Medical Malpractice Survey: Litigation’s Toll on Doctors

It isn’t a surprise that malpractice lawsuits can wreak long-term financial and emotional havoc on physicians, but it helps to put into perspective just how detrimental the experience of being sued can be.

Medscape's Medical Malpractice Report for 2015, “Why Most Doctors Get Sued,” is a telling survey of almost 4000 primary care physicians and selected specialists. The survey goes into detail on such areas as physicians’ lawsuit history, their way of coping with malpractice stress, and the long-term effects on their practice.

The survey reveals findings that every physician should be aware of:

  • Fifty-nine percent of survey respondents have been named in at least one malpractice suit. While some specialties are more vulnerable than others — 85 percent of ob/gyns and 83 percent of surgeons reported being named in a suit — no doctors are immune. Medscape’s survey echoes a 2010 AMA study that reported 61% of all physicians had been sued by late career.
  • The very thought of being sued stalks many physicians. More than half (54 percent) of respondents who had been named in a lawsuit admitted that the threat of another affects them either always or almost all the time. Nineteen percent said they were rarely bothered, and just one percent were never bothered by the potential of a lawsuit.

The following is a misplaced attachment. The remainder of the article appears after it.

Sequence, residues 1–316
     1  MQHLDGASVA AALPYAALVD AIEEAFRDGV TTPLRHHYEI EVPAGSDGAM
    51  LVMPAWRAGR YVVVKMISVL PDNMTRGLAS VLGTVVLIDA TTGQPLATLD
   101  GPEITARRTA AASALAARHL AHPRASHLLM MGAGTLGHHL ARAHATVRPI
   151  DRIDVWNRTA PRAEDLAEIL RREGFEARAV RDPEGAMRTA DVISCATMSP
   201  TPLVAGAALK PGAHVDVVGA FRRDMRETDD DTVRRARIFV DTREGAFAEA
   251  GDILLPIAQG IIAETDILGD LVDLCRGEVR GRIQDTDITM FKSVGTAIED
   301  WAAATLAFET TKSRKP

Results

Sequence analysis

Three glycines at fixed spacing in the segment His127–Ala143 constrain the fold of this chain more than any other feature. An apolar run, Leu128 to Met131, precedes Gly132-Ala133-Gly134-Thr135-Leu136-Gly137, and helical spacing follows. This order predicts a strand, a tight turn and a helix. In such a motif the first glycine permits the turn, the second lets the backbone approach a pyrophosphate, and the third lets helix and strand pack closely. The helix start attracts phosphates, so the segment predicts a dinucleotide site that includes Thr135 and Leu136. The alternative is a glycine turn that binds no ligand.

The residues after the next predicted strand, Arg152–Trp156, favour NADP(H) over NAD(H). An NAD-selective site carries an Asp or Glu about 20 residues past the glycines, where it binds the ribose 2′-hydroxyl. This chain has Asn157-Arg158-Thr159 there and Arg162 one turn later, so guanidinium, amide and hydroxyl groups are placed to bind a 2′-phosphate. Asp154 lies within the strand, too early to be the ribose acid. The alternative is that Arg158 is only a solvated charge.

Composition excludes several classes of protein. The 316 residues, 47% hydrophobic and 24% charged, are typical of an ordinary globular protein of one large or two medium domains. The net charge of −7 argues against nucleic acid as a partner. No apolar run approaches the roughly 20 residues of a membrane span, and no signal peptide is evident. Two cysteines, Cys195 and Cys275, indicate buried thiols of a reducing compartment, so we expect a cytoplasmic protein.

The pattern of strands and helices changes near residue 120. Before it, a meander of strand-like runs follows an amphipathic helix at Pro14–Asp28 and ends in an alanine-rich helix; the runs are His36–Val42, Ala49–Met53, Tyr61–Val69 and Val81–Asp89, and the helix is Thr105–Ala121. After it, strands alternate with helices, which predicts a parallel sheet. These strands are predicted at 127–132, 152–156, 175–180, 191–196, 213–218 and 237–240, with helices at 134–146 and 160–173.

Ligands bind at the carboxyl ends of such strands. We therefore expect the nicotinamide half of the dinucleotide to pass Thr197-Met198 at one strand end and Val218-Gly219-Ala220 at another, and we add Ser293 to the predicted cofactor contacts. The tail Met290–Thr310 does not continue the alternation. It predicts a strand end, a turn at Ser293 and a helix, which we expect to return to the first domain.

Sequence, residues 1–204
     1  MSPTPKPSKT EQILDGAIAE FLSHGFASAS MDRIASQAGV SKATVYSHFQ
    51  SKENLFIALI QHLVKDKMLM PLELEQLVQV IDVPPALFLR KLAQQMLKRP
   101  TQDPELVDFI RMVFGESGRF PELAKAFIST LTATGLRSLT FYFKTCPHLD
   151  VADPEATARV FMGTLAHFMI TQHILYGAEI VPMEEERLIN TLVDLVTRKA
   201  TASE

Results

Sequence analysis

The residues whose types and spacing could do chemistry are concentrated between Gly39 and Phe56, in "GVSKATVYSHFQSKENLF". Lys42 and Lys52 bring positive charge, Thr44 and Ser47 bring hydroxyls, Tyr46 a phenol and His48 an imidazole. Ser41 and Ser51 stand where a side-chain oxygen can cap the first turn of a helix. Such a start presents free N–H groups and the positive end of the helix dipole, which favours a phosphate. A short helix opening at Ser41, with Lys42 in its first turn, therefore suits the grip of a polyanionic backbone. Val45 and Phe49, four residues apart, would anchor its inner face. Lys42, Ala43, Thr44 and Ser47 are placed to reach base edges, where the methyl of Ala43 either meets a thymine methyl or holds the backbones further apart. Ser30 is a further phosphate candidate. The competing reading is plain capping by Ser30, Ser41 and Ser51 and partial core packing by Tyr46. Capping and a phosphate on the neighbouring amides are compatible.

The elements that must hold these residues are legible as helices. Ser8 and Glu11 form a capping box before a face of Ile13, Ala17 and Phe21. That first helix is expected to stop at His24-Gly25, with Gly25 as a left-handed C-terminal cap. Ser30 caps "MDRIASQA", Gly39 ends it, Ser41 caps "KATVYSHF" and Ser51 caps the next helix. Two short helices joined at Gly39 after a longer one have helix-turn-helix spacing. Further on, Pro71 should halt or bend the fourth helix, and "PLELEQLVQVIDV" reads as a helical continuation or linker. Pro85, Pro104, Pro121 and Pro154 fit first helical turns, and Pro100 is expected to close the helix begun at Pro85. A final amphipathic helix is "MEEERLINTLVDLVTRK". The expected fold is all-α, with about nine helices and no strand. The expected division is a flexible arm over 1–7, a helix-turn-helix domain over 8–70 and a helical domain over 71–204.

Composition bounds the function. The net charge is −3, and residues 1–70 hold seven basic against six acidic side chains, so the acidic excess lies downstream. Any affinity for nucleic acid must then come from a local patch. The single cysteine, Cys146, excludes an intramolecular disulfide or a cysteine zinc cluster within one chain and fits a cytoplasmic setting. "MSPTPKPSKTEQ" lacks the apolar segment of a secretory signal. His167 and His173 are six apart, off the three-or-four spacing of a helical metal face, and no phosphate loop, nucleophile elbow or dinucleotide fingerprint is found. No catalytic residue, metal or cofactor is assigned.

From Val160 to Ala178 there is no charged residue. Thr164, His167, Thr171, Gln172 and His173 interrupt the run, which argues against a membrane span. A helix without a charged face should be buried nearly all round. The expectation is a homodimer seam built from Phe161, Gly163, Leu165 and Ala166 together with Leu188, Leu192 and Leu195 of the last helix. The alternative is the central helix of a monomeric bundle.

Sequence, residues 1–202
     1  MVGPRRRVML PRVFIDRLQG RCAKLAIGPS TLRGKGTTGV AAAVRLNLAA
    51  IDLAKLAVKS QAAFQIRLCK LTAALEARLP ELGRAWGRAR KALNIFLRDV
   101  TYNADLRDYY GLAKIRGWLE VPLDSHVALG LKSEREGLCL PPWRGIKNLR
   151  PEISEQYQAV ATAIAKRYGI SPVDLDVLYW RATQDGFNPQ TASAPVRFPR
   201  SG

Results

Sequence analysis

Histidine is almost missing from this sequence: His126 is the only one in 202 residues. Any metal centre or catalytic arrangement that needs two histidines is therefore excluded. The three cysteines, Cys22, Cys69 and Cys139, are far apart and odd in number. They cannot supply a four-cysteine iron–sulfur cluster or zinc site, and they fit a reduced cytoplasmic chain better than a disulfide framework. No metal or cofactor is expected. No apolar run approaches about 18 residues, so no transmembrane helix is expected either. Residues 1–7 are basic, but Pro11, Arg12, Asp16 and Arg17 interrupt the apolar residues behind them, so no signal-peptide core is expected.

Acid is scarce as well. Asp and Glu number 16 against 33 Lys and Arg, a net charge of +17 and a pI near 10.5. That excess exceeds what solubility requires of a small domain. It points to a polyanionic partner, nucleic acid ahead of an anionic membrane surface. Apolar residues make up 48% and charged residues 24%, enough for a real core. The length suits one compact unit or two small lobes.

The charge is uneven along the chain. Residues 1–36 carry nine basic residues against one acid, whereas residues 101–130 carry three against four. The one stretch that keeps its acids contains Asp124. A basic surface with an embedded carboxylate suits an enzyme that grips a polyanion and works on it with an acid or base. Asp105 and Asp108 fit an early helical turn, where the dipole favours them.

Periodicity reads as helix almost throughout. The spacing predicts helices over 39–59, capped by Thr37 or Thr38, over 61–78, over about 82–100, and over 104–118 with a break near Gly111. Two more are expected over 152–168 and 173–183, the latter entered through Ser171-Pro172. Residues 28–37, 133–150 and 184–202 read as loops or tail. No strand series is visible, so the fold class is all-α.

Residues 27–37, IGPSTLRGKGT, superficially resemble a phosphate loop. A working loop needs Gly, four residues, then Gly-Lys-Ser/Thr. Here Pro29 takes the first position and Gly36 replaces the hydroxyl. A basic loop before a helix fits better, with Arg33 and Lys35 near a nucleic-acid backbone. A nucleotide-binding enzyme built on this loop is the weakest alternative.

• Seventy percent of those physicians who had been sued said they were “surprised” when it happened. As common as medical malpractice suits are, physicians are still prone to thinking “It will never happen to me.”

When asked about the experience of being sued, 26 percent of male doctors and 37 percent of female doctors said it was “horrible” and “one of the worst experiences of my life.” An additional 20 percent of men and women doctors alike said the experience was “very bad, disruptive and humiliating.”

The survey also backs up another very few important aspect of malpractice stress: Very few suits are resolved in the plaintiff’s favor. It is the experience of being sued — rather than its outcome — that physicians must prepare for. Dr. Marc Siegel, an internist, author and professor of medicine at New York University’s Langone Medical Center, says it best:

"Doctors do win the vast majority of lawsuits, but… courts are unpredictable, and the stress of being sued — with years of depositions, worry, and damage to your reputation — is a devastating experience, even if there's no payment to the patient."

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